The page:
The Hilborn injection systems utilize a Carabine ECU that doesn't require a laptop to tune
At idle when air speed is low, the fuel droplet pulled from the booster is much larger than the one pulled when air speed is greatest or wide-open throttle. This has a profound affect on mixture distribution. If a carburetor's venturi is sized for low to midrange torque and strong acceleration, it will be too small to produce top end power; conversely, if the venturi is sized for top end power, low to midrange torque and throttle response will suffer. The correctly sized carburetor for some applications will be a compromise of low to midrange torque and top end horsepower.
The Eight-Stack Manifold
"In a test conducted with a common plenum intake against the same engine with a Hilborn eight-stack manifold, with both adjusted to provide the same air/fuel ratio, the eight-stack manifold made more power. There are numerous reasons why.
"Without a carburetor's booster in the way, the eight-stack manifold will flow more air than a comparably sized carburetor venturi. Without the need for a pressure drop to supply fuel for the engine, the bore size of the eight-stack can be increased to supply the required air for top end horsepower, yet have increased throttle response along with increased low to midrange power. The mild turning radius of the eight-stack intake helps promote line of sight for the air/fuel into the cylinder head. Since there is no common plentinum, the cylinders no longer need to digest an air/fuel mixture that is contaminated with pulses from companion cylinders. Since each cylinder is separate, there is no dilution to companion cylinders from reversion, eddy currents, fuel puddles, and the tight bends for the air/fuel to follow causing mixture distribution concerns.
"The eight-stack manifold employs a converging tract design, meaning the larger ram tube top is reduced in size as it enters the lower portion of the manifold before entering the opening of the cylinder head runner. With this design, air/fuel speed is increased when going from the larger opening to the smaller opening, ensuring that the air/fuel stays in suspension, unlike the tract of the common plenum manifold, which allows the air to slow when going from the small venturi of the carburetor to the larger opening of the plenum. Around the point that the intake tract is constricted, fuel is injected under pressure, allowing it to take maximum advantage of the air speed. In the converging tract manifold, most of the fuel that falls out of suspension as the wall is constricted is picked back up and put into suspension instead of being pushed along the walls.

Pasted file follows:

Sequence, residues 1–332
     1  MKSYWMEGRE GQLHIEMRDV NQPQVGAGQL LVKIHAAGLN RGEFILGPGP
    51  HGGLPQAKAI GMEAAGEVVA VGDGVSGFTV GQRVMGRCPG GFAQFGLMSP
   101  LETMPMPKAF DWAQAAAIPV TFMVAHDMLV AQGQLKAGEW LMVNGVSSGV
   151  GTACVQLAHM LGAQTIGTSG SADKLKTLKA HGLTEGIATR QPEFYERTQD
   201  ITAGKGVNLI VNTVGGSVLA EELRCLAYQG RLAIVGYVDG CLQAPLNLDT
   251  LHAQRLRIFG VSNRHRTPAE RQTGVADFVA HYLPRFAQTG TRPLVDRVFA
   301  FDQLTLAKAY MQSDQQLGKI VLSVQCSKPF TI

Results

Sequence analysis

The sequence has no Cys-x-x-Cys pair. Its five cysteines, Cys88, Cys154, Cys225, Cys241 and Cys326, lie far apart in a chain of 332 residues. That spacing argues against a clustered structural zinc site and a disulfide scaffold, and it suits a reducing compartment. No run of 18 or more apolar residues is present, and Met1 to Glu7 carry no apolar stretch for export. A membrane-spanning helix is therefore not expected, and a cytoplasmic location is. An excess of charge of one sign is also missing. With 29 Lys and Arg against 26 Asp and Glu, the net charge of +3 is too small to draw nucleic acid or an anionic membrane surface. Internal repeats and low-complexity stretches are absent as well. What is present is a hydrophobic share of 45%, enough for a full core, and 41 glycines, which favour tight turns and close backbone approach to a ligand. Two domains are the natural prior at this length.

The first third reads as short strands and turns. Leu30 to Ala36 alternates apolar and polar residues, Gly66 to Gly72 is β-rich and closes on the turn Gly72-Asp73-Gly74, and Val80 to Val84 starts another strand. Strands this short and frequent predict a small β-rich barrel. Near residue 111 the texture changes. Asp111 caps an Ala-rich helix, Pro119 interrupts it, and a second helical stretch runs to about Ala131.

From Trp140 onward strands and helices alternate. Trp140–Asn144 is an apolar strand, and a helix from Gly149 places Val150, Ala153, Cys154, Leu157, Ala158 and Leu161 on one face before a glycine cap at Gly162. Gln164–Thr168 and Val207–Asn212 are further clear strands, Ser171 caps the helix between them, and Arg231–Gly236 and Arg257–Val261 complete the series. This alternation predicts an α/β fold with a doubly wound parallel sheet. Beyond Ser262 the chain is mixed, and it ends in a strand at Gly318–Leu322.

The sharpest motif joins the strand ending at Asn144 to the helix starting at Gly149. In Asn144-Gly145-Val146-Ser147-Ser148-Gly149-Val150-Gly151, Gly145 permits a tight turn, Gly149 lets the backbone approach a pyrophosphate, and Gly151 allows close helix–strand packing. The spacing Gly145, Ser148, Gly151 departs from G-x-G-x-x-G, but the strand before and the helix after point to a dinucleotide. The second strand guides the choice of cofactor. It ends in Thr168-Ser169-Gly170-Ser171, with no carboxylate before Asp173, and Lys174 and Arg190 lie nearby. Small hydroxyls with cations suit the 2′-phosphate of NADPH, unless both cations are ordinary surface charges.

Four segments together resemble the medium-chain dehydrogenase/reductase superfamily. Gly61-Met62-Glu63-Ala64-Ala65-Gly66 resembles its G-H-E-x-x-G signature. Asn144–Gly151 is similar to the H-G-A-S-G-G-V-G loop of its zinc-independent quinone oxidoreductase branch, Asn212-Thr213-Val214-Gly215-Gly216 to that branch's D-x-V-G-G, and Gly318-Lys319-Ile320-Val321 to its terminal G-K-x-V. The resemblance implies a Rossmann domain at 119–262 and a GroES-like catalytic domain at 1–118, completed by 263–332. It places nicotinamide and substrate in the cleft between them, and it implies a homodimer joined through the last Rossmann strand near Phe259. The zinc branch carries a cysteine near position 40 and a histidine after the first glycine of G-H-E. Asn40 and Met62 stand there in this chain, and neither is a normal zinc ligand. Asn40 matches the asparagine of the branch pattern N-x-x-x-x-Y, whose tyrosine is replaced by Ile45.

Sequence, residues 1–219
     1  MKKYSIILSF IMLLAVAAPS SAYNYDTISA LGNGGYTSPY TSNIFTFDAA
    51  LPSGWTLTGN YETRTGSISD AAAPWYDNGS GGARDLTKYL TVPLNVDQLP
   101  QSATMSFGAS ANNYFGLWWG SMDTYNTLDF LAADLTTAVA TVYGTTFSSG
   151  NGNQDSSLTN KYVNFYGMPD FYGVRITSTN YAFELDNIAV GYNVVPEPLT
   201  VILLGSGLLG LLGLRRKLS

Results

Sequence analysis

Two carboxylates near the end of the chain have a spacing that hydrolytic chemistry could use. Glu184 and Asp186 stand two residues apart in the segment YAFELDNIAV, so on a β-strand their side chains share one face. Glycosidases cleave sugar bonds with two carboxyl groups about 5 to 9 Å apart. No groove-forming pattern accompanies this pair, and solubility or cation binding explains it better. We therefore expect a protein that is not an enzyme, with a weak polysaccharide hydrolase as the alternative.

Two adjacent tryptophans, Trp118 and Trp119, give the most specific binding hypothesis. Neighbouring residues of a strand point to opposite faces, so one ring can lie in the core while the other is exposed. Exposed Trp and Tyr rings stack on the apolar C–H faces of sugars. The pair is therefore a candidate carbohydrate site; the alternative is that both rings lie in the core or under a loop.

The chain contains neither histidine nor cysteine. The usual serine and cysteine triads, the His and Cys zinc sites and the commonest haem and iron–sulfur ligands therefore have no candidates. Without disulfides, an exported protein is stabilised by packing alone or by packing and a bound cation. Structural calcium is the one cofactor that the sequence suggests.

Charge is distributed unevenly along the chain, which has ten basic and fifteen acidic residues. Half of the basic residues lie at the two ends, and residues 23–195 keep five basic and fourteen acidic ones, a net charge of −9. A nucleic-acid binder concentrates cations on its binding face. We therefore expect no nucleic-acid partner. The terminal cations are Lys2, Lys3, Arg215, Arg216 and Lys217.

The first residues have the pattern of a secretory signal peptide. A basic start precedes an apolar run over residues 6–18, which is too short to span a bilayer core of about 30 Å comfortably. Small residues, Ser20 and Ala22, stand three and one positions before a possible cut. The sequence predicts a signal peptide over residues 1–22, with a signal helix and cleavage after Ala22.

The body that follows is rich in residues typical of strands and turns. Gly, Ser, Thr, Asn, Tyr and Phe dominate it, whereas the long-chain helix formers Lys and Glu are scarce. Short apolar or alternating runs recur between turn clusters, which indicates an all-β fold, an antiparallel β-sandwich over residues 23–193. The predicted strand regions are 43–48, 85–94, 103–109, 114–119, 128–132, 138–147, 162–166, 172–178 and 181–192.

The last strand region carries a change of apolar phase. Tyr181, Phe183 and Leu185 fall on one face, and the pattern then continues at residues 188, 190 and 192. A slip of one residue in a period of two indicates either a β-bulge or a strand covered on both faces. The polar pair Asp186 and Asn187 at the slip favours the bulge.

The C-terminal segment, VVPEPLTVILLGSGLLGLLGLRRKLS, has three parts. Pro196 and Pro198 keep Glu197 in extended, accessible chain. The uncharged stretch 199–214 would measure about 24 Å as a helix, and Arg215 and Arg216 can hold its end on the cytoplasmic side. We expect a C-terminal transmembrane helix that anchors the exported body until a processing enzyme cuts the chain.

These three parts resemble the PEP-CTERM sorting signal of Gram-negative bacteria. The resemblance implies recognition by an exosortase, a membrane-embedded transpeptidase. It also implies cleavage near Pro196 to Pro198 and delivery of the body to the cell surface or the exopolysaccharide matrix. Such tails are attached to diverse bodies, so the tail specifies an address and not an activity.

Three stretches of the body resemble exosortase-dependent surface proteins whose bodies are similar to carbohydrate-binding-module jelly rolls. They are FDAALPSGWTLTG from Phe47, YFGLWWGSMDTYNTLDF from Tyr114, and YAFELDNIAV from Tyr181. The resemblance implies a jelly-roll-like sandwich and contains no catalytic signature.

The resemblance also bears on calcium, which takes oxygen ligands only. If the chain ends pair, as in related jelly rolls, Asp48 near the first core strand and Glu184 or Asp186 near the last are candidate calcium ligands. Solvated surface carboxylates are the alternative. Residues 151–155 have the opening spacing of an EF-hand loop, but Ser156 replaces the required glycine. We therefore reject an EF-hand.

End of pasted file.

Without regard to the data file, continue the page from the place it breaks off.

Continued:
"Fuel supplied into the nozzle of an EFI Hilborn injector can be as high as 60 pounds per square inch, allowing the injector to spray the fuel in a fan pattern. It also allows a consistently smaller-sized droplet, which is much more consistent than that of a booster. Therefore, the airspeed will not dictate the size of the droplet, which in turn allows the fuel to mix in better proportion with the air, providing improved engine efficiency and therefore making more power.
The Carabine ECU uses wide-open throttle, part throttle, and light throttle inputs for fue
"Since a Hilborn injector does not require a bowl for fuel storage, it is an ideal system for any application that will create excessive fuel slosh as in road race and auto cross applications.
"Separation caused by the fuel crashing into the plenum floor is eliminated due to the individual throat design of the Hilborn injector. Also important is the reversion from one cylinder has no effect on the other cylinders. This allows each cylinder to act on its own, greatly improving the engine's ability to produce equal power from the fresh intake charge each cylinder receives on the intake stroke. Since each cylinder has its own throat, the line of sight to the intake valve is improved, resulting in a straighter shot for the air/fuel mixture. The fewer turns the mixture has to make, the more the fuel stays in suspension, providing enhanced distribution into each cylinder.
"The Hilborn injector has numerous advantages over carbureted systems. A carburetor requires a correctly sized venturi for its application in order to pull fuel out of the booster. However, the Hilborn, with its injected fuel, can maximize airflow potential by removing the restriction associated with the booster while enlarging the throat diameter allowing maximum breathing for the engine. This increase in throat size does not impede low-speed engine performance but enhances throttle response, and engine acceleration. This allows for maximum engine rpm output without sacrificing low-speed performance."
For maximum power, razor sharp throttle response, street-friendly driveability, and respectable fuel mileage it's quite apparent that the Hilborn fuel injector is the right choice and besides that, they look awesome -especially in a classic pickup!